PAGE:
On the other hand, Another Earth entangles such an intriguing web of thoughts along with a great fiction of a world not too far from ours.  The first compliment is concerning the atmosphere.  For a film dosed with a lot of sci-fi elements, there are very few special effects used at all throughout.  Instead, the one big investment was made in adding an ominous and looming Earth Two in the background of many shots.  In addition to this is a heavy dose of atmosphere with people always staring up at the sky or hearing a background radio or television analysis of the planet.  These moments feel like they are interesting interludes rather than intrusive narrative points, which make them fascinating to listen to or watch as the film transitions to its next scene.  This intriguing play on the atmosphere links to the strong premise itself as Another Earth ultimately tells a very human story without ever the need for flashy special effects or interplanetary drama.  The central plot really centers on Rhoda and her journey for redemption and has Earth Two act as a sort of background character that weaves in and out of her life for the better and for the worse…again, an interaction that plays out well.

Additionally, the film is bolstered by a subdued but poignant performance by Marling who grows into her character more and more as the film progresses.  This push-and-pull between being an ex-convict and a dreaming genius makes for a good character study that never quite veers into the predictable or the mundane.  Just as well, the cinematography and the music, as much as they are jarring when the work is inconsistent, are beautiful when they contribute to the atmosphere.  There is something breathtakingly beautiful and natural as Rhoda stares at Earth Two on the rocky alcove by the ocean as the music clicks into cue.  It is definitely one of the best film moments of 2011 so far, and similar moments trickle through the film in various spots.  Finally, these elements, from the atmosphere to the mise en scene, all work well together to showcase the film’s bigger questions and themes and thoughtfully explore them.  Perhaps individually, they have been looked into by different films in better ways yet together, Cahill finds some original ways to view the issues of life after prison; the path to self-redemption; life in the universe; and the concept of dimensions.  Taken as a whole, Another Earth is a captivating film that uses only the simplest of gimmicks to make some poignant thoughts on the human life and the possibilities that lie out there.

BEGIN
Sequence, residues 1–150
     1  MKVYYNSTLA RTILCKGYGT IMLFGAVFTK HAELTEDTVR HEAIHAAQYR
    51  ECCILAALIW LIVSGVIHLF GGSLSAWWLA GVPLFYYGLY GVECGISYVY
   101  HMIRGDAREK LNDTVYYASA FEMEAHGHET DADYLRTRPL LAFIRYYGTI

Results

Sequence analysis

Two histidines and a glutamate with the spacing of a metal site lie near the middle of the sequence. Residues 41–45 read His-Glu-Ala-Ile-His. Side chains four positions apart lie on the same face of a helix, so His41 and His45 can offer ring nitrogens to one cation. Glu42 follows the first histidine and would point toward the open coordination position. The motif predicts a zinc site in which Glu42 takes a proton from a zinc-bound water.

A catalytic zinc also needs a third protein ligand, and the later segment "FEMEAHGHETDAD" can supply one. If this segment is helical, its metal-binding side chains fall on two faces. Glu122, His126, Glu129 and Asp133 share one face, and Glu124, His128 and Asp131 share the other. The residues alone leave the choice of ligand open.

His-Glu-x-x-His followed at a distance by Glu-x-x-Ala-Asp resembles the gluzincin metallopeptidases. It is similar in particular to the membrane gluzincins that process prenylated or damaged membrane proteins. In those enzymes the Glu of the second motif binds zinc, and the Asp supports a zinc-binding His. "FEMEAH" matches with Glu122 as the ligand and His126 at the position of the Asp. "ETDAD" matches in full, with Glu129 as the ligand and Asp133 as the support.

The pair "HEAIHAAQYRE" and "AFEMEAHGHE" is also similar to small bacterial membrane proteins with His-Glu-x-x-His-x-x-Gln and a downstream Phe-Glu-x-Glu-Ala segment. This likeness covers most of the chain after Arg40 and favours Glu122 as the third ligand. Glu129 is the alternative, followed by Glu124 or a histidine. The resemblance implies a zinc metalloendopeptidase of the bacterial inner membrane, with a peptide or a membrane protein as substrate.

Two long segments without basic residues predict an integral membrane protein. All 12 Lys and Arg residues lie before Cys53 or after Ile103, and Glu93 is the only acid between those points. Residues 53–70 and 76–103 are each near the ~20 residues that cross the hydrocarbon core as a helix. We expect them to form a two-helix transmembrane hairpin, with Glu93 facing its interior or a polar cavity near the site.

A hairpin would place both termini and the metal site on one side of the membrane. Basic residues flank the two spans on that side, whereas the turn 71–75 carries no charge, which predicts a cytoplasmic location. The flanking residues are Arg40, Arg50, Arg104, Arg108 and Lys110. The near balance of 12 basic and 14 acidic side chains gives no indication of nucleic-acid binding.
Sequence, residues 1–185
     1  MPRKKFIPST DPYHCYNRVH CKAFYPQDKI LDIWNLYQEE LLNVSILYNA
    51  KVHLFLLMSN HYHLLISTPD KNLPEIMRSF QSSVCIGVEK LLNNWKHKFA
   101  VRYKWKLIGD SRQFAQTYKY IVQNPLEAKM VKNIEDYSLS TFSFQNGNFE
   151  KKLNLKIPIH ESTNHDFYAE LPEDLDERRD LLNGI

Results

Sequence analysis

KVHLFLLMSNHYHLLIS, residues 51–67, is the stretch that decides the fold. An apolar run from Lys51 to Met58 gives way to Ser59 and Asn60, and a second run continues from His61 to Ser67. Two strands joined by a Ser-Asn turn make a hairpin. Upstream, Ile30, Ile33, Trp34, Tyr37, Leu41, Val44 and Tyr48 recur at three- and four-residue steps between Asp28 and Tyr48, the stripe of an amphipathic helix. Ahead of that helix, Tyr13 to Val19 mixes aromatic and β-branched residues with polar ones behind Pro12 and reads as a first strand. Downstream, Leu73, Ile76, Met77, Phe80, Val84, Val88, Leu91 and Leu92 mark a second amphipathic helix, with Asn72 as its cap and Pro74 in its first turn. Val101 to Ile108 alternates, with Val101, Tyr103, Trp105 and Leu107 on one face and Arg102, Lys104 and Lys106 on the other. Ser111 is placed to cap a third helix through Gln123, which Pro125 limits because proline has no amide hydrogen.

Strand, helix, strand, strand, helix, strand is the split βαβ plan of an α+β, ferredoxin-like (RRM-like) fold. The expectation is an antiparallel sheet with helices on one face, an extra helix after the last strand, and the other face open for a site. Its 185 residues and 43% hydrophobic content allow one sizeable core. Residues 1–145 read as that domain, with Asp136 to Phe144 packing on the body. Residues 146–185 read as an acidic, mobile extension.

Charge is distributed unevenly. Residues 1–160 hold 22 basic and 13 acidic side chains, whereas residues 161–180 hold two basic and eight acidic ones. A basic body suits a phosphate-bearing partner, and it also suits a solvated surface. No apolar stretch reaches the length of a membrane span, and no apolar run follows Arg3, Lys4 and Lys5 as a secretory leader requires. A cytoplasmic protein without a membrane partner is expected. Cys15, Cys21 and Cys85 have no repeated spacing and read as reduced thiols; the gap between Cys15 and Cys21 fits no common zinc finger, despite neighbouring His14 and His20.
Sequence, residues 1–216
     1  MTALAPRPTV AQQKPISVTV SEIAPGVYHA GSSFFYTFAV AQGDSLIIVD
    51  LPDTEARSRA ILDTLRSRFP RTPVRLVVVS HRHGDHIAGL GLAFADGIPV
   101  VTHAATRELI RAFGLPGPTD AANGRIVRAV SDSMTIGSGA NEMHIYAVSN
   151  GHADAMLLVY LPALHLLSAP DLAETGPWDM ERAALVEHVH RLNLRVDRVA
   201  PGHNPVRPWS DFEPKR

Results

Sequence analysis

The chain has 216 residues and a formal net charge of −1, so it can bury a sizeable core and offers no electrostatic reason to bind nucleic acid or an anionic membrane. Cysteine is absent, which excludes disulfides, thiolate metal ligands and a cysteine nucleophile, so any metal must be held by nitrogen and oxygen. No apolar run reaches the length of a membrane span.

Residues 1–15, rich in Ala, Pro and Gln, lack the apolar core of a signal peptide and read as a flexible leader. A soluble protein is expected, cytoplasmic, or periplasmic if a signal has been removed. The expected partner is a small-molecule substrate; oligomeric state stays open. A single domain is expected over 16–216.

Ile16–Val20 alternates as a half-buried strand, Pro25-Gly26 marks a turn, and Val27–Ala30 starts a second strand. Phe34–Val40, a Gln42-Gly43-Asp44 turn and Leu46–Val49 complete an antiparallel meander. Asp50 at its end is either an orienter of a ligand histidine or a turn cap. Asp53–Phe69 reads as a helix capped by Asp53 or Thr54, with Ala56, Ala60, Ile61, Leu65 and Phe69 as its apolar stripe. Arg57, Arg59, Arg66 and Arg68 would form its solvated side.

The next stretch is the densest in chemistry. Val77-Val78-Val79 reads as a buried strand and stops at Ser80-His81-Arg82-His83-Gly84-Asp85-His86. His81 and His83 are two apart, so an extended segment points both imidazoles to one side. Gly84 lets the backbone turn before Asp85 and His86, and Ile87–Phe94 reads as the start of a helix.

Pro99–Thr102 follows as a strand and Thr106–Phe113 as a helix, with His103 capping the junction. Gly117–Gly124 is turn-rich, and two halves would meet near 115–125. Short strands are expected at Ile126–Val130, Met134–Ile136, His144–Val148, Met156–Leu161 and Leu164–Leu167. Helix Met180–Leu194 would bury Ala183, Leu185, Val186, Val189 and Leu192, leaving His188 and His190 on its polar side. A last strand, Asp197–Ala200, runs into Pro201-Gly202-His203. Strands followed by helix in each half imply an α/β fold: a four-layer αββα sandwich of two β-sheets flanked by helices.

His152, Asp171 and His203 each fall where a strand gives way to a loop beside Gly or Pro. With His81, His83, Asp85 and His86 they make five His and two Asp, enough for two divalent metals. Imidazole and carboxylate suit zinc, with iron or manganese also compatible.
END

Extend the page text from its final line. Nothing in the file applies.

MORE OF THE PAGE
Another Earth is a methodical film that treads the viewer through a redemption story with a replica Earth looming in the background.  Director Cahill has some trouble completely focusing his plot with some overly melodramatic moments and disjointed moments that plod, but these problems never bog down the overall achievement of the intriguing premise.  Another Earth is an exploration of the human spirit both at its worst and best and utilizes its sci-fi premise to not only explore other worldly questions but also to extenuate the themes humans face on a day-to-day basis.  The film perfectly captures all of these emotions and human questions with the unforgettable imagery of Rhoda, standing in front of the globe of Earth 2 and its moon; an image that evokes curiosity and unasked question that test a person’s everyday existence.  

Director: Mike Cahill
Rated: PG-13
Running Time: 92 Minutes

The Wie muses: *** ½ out of *****